My Lung Buddy is an empathic breathing guide that senses your breathing rate and matches it so that you’re both breathing together. Slowly, My Lung Buddy adjusts its rate to a predetermined pace in order to help you attain the sense of calm and well-being that comes with breathing deeply in a measured way. My Lung Buddy doesn’t force you to breathe with it. It simply reminds you that breathing is important. And that you don’t have to do it alone.

The ITPod

The ITPod is an on-floor oasis that offers students short escapes from the blinking, buzzing and beeping that fill a typical ITP day. It’s a simple structure, airy enough to ward off claustrophobia while still allowing for separation and privacy. A comfortable hanging chair dangles inside an enclosed cylinder of cloth, which glows with warm, diffused light. A floor compartment lets you tuck your stuff out of sight and browse picture books from a community library. Noise-canceling headphones offer four settings: (1) silence, aided by the headphones’ noise-canceling properties; (2) white noise to help drown out thoughts and distractions; (3) the sound of falling water or other natural sounds; and (4) a guided breathing session. Each program is twenty minutes long and fades in and out along with the light, giving the user enough time to recharge.

Lunch Date

Lunch Date is an opt-out service that helps ITP-ers meet and share meals with fellow students and faculty with whom they may not otherwise cross paths. An email directs students to a simple form that asks for two times when you’d generally be available for a 40-minute lunch, and the number, between zero and four, of Lunch Dates you’d like to have per month. The program compares everyone’s schedule, sorts people into anonymous pairs, and sends out text messages each morning: Reply yes if you’d like a lunch date today, and no if you’re too busy. A negative reply sends the computer back into the pool of candidates until a match is found, and another text message alerts each lunch date to meet at the elevators fifteen minutes before the time is set. By automating the social selection, Lunch Date eliminates the awkwardness and inertia which might keep students from getting to know someone they’ve never met. And because it’s an opt-out program, it nudges those who aren’t already ultra social to engage in an easy, commitment-free way. After all, it’s just 40 minutes. And then it’s back to class.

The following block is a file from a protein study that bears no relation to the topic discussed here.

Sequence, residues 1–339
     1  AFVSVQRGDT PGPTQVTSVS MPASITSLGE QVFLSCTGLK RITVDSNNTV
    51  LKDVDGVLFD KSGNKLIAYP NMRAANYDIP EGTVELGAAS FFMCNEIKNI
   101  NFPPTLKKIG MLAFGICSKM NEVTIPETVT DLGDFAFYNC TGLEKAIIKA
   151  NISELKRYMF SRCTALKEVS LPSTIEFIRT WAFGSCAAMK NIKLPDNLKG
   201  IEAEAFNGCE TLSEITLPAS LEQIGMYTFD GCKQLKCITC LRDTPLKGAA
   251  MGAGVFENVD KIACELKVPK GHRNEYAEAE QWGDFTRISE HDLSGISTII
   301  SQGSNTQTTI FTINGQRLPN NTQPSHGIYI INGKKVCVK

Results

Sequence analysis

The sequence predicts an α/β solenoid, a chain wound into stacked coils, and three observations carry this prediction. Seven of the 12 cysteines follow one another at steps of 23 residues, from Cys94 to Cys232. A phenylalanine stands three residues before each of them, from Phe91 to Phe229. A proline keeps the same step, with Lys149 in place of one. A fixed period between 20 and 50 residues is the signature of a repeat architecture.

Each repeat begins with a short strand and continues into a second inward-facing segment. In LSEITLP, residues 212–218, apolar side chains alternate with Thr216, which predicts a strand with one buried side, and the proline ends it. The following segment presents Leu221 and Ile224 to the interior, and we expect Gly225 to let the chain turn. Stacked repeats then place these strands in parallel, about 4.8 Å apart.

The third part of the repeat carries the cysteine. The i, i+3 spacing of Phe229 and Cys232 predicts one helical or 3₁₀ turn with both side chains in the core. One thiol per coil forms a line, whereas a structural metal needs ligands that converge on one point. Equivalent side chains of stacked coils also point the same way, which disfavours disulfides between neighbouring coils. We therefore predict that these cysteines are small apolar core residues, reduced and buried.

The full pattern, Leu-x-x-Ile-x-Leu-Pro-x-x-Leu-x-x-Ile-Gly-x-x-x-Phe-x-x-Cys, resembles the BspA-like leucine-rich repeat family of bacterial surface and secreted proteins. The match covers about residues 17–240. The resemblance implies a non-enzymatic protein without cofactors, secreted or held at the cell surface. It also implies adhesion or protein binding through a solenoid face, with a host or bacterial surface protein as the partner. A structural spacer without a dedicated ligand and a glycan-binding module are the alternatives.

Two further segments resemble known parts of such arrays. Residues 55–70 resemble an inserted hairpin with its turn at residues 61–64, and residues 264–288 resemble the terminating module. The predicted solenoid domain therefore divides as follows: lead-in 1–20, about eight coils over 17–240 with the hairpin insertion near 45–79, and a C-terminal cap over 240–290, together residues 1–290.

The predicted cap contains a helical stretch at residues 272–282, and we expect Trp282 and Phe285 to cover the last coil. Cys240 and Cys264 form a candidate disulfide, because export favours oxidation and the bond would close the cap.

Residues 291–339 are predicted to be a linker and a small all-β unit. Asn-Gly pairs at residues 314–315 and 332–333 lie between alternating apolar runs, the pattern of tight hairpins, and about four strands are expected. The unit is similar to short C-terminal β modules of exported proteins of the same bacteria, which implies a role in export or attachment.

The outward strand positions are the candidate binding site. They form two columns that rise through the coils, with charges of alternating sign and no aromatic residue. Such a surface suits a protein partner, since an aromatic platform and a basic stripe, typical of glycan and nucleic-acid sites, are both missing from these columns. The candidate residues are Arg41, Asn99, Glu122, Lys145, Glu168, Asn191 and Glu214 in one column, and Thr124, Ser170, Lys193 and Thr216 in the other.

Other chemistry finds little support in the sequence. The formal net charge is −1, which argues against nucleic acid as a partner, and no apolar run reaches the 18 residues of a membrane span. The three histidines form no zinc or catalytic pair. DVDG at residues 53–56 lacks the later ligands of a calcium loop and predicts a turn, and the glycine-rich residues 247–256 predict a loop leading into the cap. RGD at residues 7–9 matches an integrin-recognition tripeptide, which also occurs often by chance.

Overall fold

LeisurelyMail is a simple plug-in designed to relieve the tense breathlessness with which we typically attack our in-boxes. When installed, it changes the visual effect of opening an email message. Instead of a sharp pop-up or a boring drop-down pane, the email window opens slowly, unfolding over a full second of time. Every few messages, an extra momentary pause is built in, as the window shows an image of nature, or a simple reminder to breathe, before revealing the contents of the email. Because sometimes you just want to say screw it and burn through your work, you can revert your email to its normal function by holding down the option key as you click.

Focus Pocus

Based on a theory of how we block out unnecessary inputs . . .